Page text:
Educated Patient® MPN Summit Current Management of PV Presentation: May 20, 2023


Watch Dr. Nikolai Podoltsev, from Yale School of Medicine, discuss the current management of polycythemia vera during the CURE® Educated Patient® MPN Summit.

It is essential for patients with polycythemia vera — a type of myeloproliferative neoplasm (MPN) — to discuss disease symptoms with their clinical team, as they can lend insight into treatment for the disease, explained Dr. Nikolai Podoltsev.

“For polycythemia vera, we, of course, would like to reduce the incidence of thrombosis and hemorrhage — this is the primary goal for all of the treatments,” Podoltsev, who is an associate professor of hematology and associate program director of the Hematology and Medical Oncology Fellowship Program at Yale School of Medicine, said during his presentation at the CURE® Educated Patient® MPN Summit.

“But also, we would like to control symptoms, which can be accomplished with the treatments (for polycythemia vera.”

Common effects that patients with polycythemia vera may experience include headache/dizziness, blurred vision, erythromelalgia (burning and redness in the hands and feet), stroke, heart attack, venous thrombosis, fatigue, night sweats, weight loss, itching and spleen enlargement.

After receiving a diagnosis of polycythemia vera, patients will likely be put on a regimen of low-dose aspirin to manage cardiovascular risk that comes along with the disease.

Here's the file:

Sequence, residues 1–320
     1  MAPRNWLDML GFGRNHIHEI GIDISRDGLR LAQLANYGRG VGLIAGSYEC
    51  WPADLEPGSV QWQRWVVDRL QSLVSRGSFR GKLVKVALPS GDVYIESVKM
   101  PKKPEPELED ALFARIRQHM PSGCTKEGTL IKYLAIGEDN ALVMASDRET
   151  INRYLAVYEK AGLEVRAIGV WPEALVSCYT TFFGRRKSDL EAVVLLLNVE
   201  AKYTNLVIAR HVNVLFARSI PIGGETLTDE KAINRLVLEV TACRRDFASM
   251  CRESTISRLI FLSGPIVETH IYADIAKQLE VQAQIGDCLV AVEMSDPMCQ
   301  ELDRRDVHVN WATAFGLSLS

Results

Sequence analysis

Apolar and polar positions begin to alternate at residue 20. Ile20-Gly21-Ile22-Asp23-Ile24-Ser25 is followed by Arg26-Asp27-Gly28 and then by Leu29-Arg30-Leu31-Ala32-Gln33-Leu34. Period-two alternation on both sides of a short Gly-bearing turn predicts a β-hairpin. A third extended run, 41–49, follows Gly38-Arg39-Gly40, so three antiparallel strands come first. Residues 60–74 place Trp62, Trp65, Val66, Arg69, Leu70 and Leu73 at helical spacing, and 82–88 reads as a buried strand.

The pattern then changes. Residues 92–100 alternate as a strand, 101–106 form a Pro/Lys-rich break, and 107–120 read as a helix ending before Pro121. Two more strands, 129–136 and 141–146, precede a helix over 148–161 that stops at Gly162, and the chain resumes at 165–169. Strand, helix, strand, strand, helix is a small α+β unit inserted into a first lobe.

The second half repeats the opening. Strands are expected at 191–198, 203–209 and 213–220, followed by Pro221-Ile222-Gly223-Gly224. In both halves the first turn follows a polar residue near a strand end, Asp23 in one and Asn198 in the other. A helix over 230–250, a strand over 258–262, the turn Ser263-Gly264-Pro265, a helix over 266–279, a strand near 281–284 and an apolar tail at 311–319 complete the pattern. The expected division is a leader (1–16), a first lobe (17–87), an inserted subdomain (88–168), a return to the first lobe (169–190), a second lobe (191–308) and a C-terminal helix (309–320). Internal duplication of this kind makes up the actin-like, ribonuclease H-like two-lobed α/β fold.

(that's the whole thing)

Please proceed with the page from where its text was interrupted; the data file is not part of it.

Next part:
Based on polycythemia vera symptoms and other patient characteristics, clinicians may put patients into the high- or low-risk category. Typically, Podoltsev explained, low-risk patients are those who are under the age of 60 and have no prior history of thrombosis (blood clots), whereas high-risk patients are older than 60 and may have previously experienced thrombosis.

Patients who are high risk will likely undergo cytoreductive therapy with Hydrea (hydroxyurea) or an interferon agent. The goal of this type of treatment is to control blood cell counts. Similarly, if low-risk patients experience one or more of the following, they may undergo cytoreductive surgery as well as:

  • worsening symptom burden
  • new thrombosis or bleeding events
  • poor tolerance to having blood taken
  • increase in white blood cells and/or platelets

Then, if patients’ disease stops responding to therapy or if they experience any of the above side effects while on cytoreductive therapy, clinicians may talk to their parents about the potential use of Jakafi (ruxolitinib) or an interferon agent, if not previously used, to manage the disease.

Podoltsev mentioned that what is feared most by patients with polycythemia vera is that their disease will transform into primary myelofibrosis and then acute myeloid leukemia (AML) — a much more aggressive form of blood cancer.

Podoltsev mentioned that this is a relatively rare occurrence, though, with approximately 10% of patients with polycythemia vera experiencing disease change to primary myelofibrosis, and then 20% of patients with primary myelofibrosis ending up with AML.

“The goal of treatment (for polycythemia vera) is to reduce the risk of thrombosis and hemorrhage and control symptoms,” Podolstev said. “Hopefully in the future, we’ll have drugs which are going to prevent and delay transformation to myelofibrosis and AML.”

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